Sparking It Up

“I’ve always considered myself the customer in everything I do in the cannabis space,” West says. It’s March 2021, and we’re at her home in Denver discussing her travel column “High From Here,” launching in Sensi next month (May 2021). “When we were at the dawn of legalization in 2014, I wanted to cater to customers like me,” she says. “Women were declaring, ‘I really want to go to a party where I can smoke some pot!’ But that didn’t exist.” So she launched Edible Events and held consumption-friendly cannabis events at a Denver art gallery, a move that garnered national media attention that propelled West into the spotlight…where she was in clear view of the higher-ups at her corporate job. Two days after being featured on CNBC’s evening news with Brian Williams, West was informed she would need to resign.

West is excited as she tells the story. No doubt some of her excitement stems from being around humans outside of her family and those in their pandemic pod. It’s been a year since she last attended an event. The last was High Style, a fashion show in Denver for Project Runway All-Star Korto Momolu’s collection for Women Grow, an organization West founded a few months after those corporate paychecks stopped coming to help other entrepreneurial women succeed in the brand-new cannabis space. So she’s obviously eager to get back out into the world, to be part of the community—almost as eager as she is for cannabis to get out there and be a part of communities everywhere.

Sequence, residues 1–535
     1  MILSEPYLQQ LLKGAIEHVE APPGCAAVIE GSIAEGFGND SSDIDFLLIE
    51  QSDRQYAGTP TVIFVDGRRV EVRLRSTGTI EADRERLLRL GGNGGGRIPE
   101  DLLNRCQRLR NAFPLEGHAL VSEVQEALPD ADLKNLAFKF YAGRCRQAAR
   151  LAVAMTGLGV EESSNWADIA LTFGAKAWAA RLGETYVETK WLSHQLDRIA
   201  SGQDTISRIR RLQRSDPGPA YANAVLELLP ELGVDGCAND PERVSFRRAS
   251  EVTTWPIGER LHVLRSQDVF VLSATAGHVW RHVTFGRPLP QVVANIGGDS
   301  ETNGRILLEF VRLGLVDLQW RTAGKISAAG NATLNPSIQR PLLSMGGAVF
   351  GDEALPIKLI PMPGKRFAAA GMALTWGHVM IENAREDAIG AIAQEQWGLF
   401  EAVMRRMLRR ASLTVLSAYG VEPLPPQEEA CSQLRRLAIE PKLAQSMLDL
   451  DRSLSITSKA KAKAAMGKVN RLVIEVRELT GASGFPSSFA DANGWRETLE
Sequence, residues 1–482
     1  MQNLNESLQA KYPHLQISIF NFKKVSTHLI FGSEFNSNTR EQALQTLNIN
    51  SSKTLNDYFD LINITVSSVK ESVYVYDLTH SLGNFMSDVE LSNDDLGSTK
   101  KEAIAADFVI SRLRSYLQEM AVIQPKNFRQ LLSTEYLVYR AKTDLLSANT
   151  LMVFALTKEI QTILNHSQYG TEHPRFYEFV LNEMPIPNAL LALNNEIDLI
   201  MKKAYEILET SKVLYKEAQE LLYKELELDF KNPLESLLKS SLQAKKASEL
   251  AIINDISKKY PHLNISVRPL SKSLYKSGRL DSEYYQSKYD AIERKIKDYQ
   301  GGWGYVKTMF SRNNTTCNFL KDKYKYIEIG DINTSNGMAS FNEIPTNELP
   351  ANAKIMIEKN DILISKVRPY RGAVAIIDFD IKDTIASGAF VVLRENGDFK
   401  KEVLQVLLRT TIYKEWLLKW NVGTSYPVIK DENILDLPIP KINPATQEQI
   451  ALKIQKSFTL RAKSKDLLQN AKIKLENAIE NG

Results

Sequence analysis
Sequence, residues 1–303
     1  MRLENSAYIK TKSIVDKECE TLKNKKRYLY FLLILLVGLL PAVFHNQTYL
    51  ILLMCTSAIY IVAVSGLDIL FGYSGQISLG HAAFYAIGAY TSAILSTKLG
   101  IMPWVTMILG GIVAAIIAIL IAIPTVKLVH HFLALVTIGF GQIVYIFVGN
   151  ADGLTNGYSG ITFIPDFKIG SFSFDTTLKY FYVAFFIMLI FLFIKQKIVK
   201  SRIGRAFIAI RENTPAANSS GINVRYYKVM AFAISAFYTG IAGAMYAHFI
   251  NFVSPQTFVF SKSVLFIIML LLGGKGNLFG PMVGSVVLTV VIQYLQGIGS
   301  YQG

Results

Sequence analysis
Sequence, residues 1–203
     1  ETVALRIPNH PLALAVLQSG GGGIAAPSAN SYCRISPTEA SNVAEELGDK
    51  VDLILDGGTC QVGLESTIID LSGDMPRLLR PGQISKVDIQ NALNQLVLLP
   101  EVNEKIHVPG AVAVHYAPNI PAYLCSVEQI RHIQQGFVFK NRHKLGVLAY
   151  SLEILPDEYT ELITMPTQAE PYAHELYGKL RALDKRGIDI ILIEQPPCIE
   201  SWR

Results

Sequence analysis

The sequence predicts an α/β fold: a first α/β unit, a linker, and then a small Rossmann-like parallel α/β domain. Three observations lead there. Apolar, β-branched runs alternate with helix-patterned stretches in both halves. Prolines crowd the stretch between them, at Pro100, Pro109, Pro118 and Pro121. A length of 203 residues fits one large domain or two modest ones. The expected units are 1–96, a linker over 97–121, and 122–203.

“Social use is going to be at the forefront of the next wave of cannabis legalization.”

– Jane West

“We know that cannabis can be safely incorporated into our communities,” West says. “Social use is going to be at the forefront of the next wave of cannabis legalization.” She draws attention to the number of empty storefronts and businesses the pandemic has left in communities around the country and to the fact that the majority of the country now has notable cannabis legalization on the books, with more to come. With all that there will be a growing number of people who want to get out of their homes (and small apartments) to consume this newly legal product, as well as a desire to interact with others. The table is set for a thriving, centered community to emerge. The first step to this utopian future? Normalization. And while some cities have made strides in the right direction, there’s still a ways to go.

“The entire reason I became so famous in 2014 was that I was a mom of two willing to be on television and say, ‘I use marijuana, and that’s okay.’ That got me on the five-o’clock news with Brian Williams,” West recalls. “But the reason I did it was so important, I really did have kids, and, at the time, nobody talked about smoking pot at all. Nobody talked about using edibles at all.” The people who did discuss it, she says, were not women and they didn’t have kids, but West says that has changed.

“Now on playgrounds and in the school yard, parents are openly talking within earshot of kids. Of course, I hear it more inevitably,” she says, which makes sense since it’s part of a conversation Jane West literally started. “Moms are out there talking about what edibles they’re buying. It’s been one of the biggest changes I’ve observed: moms are talking about cannabis on the playground. That’s normalization.”